Legal marijuana is spreading across the country, with Colorado and Washington leading the way with legalizing recreational use.
Though it’s a good bet that many “legal” marijuana smokers don’t fully understand where that weed comes from, or what business pitfalls come along with crafting the different strains of cannabis featuring varying levels of THC (Tetrahydrocannabinol, the main chemical responsible for the high marijuana produces) potency.
Business Insider was invited to check out the grow operation of a local home medical marijuana producer in Washington State. We’ll call him “Will” to protect his identity.
Will, a former welder who jumped into growing last November, is worried about the common grower fears of being shut down by the feds. But he’s also concerned that the very same bill that led him to jump into the growing business, could now actually kill his budding operation.
Will is especially concerned at the potential high taxes that could be levied on cannabis in the state, which could hit 75 per cent. Washington State hopes to use these taxes to bolster its waning coffers and keep it in the black.
Keeping the state coffers in the black could put Will in the red. To save his business, Will has started trying to grow some of the most THC-potent strains in the world to meet the high demands of the changing consumer base.
Come take a look inside the home grow operation of a man trying to overcome the loss of his wife to cancer last year and who is fighting the daily pain of the disks in his back having almost totally degenerated.
This is Will. When Washington state voters approved a law allowing recreational marijuana use, he wasted no time finding the best pot in the world to start his business.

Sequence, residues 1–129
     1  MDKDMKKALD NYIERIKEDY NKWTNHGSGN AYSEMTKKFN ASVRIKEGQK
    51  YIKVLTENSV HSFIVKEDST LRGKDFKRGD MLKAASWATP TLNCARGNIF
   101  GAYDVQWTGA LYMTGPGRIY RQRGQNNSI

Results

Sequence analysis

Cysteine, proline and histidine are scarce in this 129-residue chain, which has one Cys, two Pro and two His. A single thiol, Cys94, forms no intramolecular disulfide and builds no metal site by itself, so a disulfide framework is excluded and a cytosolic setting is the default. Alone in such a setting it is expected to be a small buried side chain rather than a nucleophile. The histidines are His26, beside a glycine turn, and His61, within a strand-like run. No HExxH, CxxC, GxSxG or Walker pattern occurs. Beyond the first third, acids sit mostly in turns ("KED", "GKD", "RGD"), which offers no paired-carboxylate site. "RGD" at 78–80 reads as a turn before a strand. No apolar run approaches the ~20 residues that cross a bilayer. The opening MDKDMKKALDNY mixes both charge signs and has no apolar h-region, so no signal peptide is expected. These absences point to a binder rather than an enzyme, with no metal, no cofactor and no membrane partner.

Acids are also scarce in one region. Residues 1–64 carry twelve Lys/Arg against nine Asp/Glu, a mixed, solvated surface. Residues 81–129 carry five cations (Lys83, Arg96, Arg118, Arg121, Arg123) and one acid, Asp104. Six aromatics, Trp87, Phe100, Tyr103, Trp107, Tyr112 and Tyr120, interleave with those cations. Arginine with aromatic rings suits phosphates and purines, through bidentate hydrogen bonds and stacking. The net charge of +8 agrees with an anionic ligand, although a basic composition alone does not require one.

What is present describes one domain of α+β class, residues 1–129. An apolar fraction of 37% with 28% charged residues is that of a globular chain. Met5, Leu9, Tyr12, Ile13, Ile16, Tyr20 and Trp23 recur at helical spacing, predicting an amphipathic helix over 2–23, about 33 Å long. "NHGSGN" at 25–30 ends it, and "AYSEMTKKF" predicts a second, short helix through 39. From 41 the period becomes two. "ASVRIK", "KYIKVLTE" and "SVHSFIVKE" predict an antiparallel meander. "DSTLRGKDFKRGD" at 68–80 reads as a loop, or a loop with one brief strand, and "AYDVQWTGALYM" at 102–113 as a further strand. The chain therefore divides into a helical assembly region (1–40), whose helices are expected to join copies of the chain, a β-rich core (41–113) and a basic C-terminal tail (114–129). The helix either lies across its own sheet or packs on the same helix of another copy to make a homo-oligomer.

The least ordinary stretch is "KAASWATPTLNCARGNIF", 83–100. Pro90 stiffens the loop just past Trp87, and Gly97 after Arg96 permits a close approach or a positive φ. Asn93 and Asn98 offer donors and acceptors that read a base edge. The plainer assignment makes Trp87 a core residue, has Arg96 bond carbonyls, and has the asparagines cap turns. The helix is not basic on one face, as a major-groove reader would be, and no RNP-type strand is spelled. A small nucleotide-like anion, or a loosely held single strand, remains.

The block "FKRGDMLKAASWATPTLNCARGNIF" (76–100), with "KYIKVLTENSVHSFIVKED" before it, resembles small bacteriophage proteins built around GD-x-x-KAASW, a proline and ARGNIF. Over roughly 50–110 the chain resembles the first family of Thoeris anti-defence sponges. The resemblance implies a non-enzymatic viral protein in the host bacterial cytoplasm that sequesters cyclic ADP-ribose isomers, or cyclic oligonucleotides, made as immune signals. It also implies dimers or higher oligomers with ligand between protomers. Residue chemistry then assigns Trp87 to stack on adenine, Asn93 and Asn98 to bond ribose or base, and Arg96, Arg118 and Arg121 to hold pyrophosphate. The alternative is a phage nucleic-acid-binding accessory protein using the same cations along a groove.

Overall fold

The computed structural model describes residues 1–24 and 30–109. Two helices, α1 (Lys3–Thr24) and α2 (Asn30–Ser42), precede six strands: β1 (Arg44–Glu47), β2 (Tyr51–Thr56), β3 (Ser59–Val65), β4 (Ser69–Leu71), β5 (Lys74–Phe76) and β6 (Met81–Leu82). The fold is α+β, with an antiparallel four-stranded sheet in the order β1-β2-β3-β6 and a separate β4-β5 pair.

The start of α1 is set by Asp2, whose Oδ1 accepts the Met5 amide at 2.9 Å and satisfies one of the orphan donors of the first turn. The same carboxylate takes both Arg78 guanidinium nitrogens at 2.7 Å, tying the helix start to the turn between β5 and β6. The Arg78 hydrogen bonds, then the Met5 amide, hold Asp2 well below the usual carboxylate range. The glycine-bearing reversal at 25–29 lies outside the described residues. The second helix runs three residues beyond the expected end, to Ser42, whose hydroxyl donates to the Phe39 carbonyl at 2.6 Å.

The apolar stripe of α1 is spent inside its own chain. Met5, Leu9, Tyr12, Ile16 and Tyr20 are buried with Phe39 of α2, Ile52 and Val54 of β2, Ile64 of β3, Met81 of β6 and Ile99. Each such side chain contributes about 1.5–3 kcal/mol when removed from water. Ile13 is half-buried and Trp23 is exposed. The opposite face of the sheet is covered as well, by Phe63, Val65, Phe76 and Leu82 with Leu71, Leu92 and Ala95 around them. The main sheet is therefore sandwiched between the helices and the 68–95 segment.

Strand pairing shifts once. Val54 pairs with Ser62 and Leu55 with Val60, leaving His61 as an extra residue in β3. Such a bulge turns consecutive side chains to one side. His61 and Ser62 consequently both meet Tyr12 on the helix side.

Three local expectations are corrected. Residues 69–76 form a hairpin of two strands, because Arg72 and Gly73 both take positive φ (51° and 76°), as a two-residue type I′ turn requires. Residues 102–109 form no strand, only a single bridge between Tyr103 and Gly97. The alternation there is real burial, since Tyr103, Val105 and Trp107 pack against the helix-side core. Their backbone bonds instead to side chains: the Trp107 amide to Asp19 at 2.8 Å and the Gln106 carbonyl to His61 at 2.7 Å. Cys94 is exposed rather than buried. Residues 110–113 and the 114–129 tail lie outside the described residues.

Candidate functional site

Washington is now the second state in the nation to allow anyone over 21 to buy up to an ounce of high-grade medical weed packed with extremely high levels of THC.
THC is what gets smokers high, it concentrates on the buds of marijuana plants like these growing on Will's land. In the 1980s, THC concentration averaged up to only one per cent.
Today's plants can hold up to 25 per cent THC. That's what Will's shooting for because the competition is already so fierce. Anything less concentrated isn't profitable for him to grow.
The market dynamics for marijuana sales are entering uncharted territory as the state legislature steps in and assigns regulations, requirements and taxes at all levels of operation.
And the outlets that sell to the public are the retail end of the three-tier system. Controlling more than two sections of the chain by any one party is restricted.
Instead of taxing cannabis at between 13 and 20 per cent like alcohol, pot smokers will pony up 25 per cent in taxes ... per tier.
Though the bill is less than a year old and won't be finalised until late summer, Will's already feeling the pinch of supply and demand on his small operation.
Rooms like this in Will's basement are popping up all over the state and retailers are enjoying a surplus of weed allowing them to buy ounces on consignment for as little as $120.
Pot connoisseurs are demanding more potent marijuana, so the drive is for producers here to grow the most THC-concentrated pot they can. That takes both time and money.
That type of consumer is already proving tough for small-scale growers to satisfy while still maintaining a profit large enough get by.
But with the job market like it is here, and the money and time he's already invested, Will's not going to give up easily.
With the state maintaining a price low enough to keep black market sales untenable, neighbouring states like Idaho have not been so forward in their thinking or their legislation.
Operations like this are very rare in Idaho due to the harsh penalties, so buyers there are willing to pay a premium that struggling growers in Washington have already begun to find hard to resist.
Will is not alone in his consideration to sell to his neighbouring state, and Idaho law enforcement has already seen a dramatic rise in its marijuana arrests with clueless medical marijuana cardholders not knowing their cards aren't legal in the state.
It's situations like this that could force the Federal government to step in and enforce its laws, shutting down Washington State growers and forcing pot back underground.
Business Insider Emails & Alerts
Site highlights each day to your inbox.